The community of Paphos on the southwest tip of the island of Cyprus is best known as the birthplace of Aphrodite, among the most famous of Greek goddesses. Today, most attractions in this seaside community next to the Troodos Mountains are situated along the newly renovated coastal strip in the lower Kato Paphos. Car rental in Paphos is the most practical way to travel in this community, where the only public transit options are buses and taxis. Visitors to this beautiful part of the world can explore the Tombs of the Kings, Byzantium Castle and various wineries and beaches along the Diarizos River Valley.
Who to Book With
The five car hire franchises at Paphos International Airport, located four miles southeast of the city, include the big international chains of Europcar, Budget and Sixt. The airport's two other vehicle rental companies, Petsas and Astras, are local businesses that sometimes offer good deals. Online bookings, however, often bring the best bargains of all, both at the airport and in other parts of Paphos.
Best Time to Go
Despite frequent heat waves, summer is still the most popular season to visit Paphos. Summer, however, also brings the year's highest vehicle rental and accommodation rates alongside its humid and hot weather. Humidity and prices both decrease during the shoulder seasons of autumn and spring. April is a particularly pleasant time to visit, when temperatures start warming up and showers are few and far between. Rain occurs far more often than snow in winter, but Mount Olympus remains a popular skiing spot.
Need to Know Essentials
Gather the following documents prior to collecting your rental car:
- A valid national driving license or International Driving Permit
- Proof of age over 25, such as a passport
- If possible, a printed confirmation of the reservation
For more info read our FAQ's
Paphos has unfortunately lost its status as the only traffic-free community in Cyprus, but the town's road network has not grown nearly as fast as the community itself. Paphos did not receive its first motorway link, the A6 to Limassol, until 2001. A second motorway, the A7 to Polis, should reach Paphos by 2013. Traffic, however, remains a problem in central Paphos, which still has the road infrastructure of a tiny colonial village.
Our guide to Cyprus contains even more driving information.
Paphos is just four miles away from the second-largest airport in Cyprus, but most cruise ships dock more than 37 miles away in Limassol. There is no rail service, but the community's bus network is fairly extensive. Passengers can also choose between private or shared taxi services. Paphos itself, however, is perhaps best explored on foot, while car hire remains the most efficient way to reach all parts of Cyprus. Paphos has no rail service.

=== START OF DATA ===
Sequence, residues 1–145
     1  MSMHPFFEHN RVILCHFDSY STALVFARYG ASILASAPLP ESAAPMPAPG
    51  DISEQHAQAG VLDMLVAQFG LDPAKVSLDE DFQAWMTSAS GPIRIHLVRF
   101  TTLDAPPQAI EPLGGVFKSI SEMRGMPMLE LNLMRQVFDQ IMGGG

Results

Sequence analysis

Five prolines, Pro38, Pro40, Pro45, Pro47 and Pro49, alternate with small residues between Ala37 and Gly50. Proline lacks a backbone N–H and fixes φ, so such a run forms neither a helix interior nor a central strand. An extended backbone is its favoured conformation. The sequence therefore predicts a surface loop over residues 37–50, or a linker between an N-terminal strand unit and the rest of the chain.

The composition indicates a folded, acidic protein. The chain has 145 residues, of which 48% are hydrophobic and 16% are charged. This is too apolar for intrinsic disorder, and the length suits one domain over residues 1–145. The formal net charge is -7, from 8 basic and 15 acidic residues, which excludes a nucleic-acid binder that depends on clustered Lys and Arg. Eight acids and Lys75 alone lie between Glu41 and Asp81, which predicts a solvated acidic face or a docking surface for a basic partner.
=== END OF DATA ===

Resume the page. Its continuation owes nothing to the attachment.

Taxi Paphos is among the many taxi companies that take passengers around Paphos and the rest of Cyprus. Private taxis obviously cost more than those shared by several passengers. Standard fares begin at €5 for journeys around Paphos and rise to €125 for the two-hour ride to Ayia Napa or Protaras.
Paphos bus schedules are available on the official website of OSYPA, the community's main bus network, as well as the main bus station on the corner of Athinas and Thermopylon. Fares are fixed and range from €1 for one-way tickets to €150 for monthly passes.
Paphos is a designated World Heritage site, not only due to its status as Aphrodite's birthplace, but also for its ancient landmarks such as the fourth century BC underground Tombs of the Kings and Byzantium Castle. Visitors may need more than a day to explore the Akamas Peninsula on the western tip of Cyprus, while motorists will encounter an endless stream of wineries, mountains and picturesque villages along the Diarizos River Valley.
Coral Bay - Coral may no longer be a common sight along the shores of Coral Bay, but visitors who make the seven-mile trip from Paphos to this popular beach paradise will encounter plenty of secluded sunbathing spots between the beach's two limestone headlands. The smaller Potima Bay offers even more privacy and tranquility along its pebbly shores.
Limassol - From a family friendly Wet ‘n’ Wild water park to a stunning medieval castle, Limassol, the second most populous city in Cyprus, offers something for visitors of all sorts. History buffs will enjoy the archaeological and folk art museums, while animal lovers can admire the different species at the Lemesos Mini Zoo and Reptile House.
Polis - Visitors unable to make the longer journey to the Akamas Peninsula's breathtaking wilderness will find a closer rural retreat in the Chrysohou Bay community of Polis. This seaside village's charming exterior has remained relatively unchanged for decades. Winery tours, golden beaches and plenty of cycling and hiking opportunities await visitors.